Hot-desking, it would unequivocally seem, is the way forward in workplace trends. Bandied about as the game-changing new phenomenon, putting head down and tail up in a shared space is said to up productivity, encourage a ‘cross-pollination’ of skills, and inspire those all who work there. Personally, I had never tried it.
It wasn’t until we were approached by Parnell’s new shared space, the Textile Lofts, that the opportunity arose to do so. Fair to say, it was quite the alluring experience. I was offered a nearby carpark for the afternoon which I gratefully pulled into before shimmying up to the fourth floor of the original Textile Centre. Therein was the handsome workplace I had heard much about but never laid eyes on. The exposed beams, original wood floors, dark timber detailing, gorgeous furniture and dressings of art from talented, young local artists were a promising introduction.
I was met by a few friendly faces and the quartet of lads who run the place — brothers Nick and Harry Healy, Tim Wylie and James Or. During a quick sit-down to find out what it was all about before settling in, I learnt that these four, who consequently run property management business Attune, conceived the project for want of having an office that served more than just themselves. The result is an impressive space (conceptualised by interior designer Rufus Knight) that only six weeks after opening, already ebbs and flows with a steady stream of workers.
Aware that they are marketing themselves as a ’boutique private members workspace’, I wanted to know what really set Textile Lofts apart. Aside from the relatively small scale, “It’s hugely important for us to get the culture right,” Nick admitted, with Harry elaborating: “It is a term that gets thrown around a lot… but it’s what we’re genuinely trying to achieve here.” While there’s no denying everyone is welcome at the Textile Lofts — they actively encourage dropping by for a visit if you’re in the neighbourhood or even trying it out for a day — it’s true that the team is taking a considered approach when it comes to accepting permanent residents. As of next week, they’ll be home to an interior design practice, a small e-commerce team, a creative agency and various independents who use the space to host clients or have a few days a week going at it alone, all the while being surrounded by like-minded people.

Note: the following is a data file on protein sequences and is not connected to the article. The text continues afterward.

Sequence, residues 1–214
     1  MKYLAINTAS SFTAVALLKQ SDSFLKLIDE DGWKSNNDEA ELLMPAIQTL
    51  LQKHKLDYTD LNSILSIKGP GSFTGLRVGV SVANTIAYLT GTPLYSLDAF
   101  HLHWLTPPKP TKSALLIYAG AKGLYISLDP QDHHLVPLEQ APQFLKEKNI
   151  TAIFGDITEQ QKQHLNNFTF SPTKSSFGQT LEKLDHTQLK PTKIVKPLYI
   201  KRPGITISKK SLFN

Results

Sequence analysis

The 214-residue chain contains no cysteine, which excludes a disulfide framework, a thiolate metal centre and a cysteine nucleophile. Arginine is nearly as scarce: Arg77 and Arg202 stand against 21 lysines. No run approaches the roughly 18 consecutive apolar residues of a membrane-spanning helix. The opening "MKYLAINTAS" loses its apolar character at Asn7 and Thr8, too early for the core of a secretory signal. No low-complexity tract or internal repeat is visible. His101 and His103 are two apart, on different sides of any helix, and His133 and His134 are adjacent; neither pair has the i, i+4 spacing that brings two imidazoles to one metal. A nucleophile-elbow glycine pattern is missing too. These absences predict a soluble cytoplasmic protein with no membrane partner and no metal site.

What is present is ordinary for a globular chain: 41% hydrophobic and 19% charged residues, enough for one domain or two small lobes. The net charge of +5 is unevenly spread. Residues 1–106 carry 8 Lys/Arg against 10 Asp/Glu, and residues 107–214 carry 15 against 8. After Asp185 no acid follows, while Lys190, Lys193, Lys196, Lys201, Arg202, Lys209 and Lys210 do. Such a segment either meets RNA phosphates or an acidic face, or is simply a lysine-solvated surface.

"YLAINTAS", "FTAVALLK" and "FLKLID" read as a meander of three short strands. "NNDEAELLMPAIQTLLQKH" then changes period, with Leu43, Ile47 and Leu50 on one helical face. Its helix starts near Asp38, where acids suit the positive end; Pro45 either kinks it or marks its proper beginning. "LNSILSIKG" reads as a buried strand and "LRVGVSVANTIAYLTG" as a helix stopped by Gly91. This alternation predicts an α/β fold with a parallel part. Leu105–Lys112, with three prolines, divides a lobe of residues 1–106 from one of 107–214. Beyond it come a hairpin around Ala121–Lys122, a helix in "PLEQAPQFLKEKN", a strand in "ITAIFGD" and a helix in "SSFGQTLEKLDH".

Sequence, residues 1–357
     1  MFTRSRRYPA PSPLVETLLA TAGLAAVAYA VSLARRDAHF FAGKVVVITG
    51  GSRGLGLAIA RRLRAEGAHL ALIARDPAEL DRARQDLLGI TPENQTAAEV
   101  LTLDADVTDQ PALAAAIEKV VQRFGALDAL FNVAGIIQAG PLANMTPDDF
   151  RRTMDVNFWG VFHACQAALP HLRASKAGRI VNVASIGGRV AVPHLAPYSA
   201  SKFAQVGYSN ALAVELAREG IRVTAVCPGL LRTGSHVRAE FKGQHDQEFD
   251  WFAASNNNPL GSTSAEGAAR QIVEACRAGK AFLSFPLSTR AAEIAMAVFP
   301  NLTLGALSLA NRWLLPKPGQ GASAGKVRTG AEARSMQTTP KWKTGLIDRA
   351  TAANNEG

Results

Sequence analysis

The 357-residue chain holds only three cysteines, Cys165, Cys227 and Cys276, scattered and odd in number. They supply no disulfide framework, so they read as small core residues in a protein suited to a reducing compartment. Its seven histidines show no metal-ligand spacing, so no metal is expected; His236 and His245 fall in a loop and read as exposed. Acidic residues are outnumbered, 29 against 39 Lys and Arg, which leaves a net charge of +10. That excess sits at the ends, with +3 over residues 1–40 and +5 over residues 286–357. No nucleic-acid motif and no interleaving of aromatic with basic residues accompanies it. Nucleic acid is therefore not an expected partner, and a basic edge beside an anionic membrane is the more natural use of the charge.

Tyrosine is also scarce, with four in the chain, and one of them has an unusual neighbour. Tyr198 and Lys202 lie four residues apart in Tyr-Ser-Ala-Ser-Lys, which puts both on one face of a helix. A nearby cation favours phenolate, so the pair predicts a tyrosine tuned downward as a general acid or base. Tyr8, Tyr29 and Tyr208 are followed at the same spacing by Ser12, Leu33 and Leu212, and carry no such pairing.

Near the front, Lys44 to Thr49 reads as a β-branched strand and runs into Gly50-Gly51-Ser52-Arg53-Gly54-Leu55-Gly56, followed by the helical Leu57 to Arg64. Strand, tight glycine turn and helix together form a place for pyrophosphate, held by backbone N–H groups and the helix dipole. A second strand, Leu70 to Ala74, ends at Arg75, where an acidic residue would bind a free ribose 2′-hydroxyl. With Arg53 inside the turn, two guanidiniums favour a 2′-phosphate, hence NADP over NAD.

There are three different categories of membership on offer. Firstly, there’s the ‘club’ option, which provides access to a desk area from 8am to 6pm on workdays, then there’s the ‘resident’ echelon where members are assigned a permanent position with a desktop screen and storage locker, and finally, a ‘studio’ membership which allows users to enjoy a private office, big enough for four people, on a permanent basis. Choosing one of the vacant desks to splay my things down on, I got stuck into a few hours work, only to tick off my to-do list at a record pace. “Three or four hours here is like a full day in an office,” a fellow worker confirmed when I finally got up to go to the kitchen to make a coffee.
Satisfied with my achievements, I could understand why both suits and creatives with offices elsewhere would opt for a breakout day at Textile Lofts. What’s more, I could envision a new age where businesses would hire out a few desks for employees to use on a rotating or occasional basis. Hell, I was thinking about how I could butter my own boss up. Surrounded by Saint George’s Bay Road’s ever-expanding lineup of design-orientated businesses and eateries with the right kinds of people to frequent them, it’s certainly a good vibe down in this part of Parnell.
Feeling as though I deserved a drink, a celebration for popping my hot-desking cherry, I asked what time the convivialities normally kicked off. With a well-stocked bar waiting in the social area at the very far end, it would have been rude not to. As I enjoyed a beer before making tracks, I asked if the bar had become a regular hang-out. Wylie summed it up by saying, “of course we all like a drink, but there’s no one here who doesn’t have a company to build.” And so it would seem, Textile Lofts is already striking the right balance between work and play. For now, it was begrudgingly back to the office.
*To celebrate their launch, Textile Lofts are giving away four months worth of access to their shared space for up to four people. To register your interest, click here.
This competition has now closed.
1 Kenwyn Street
(09) 218 4995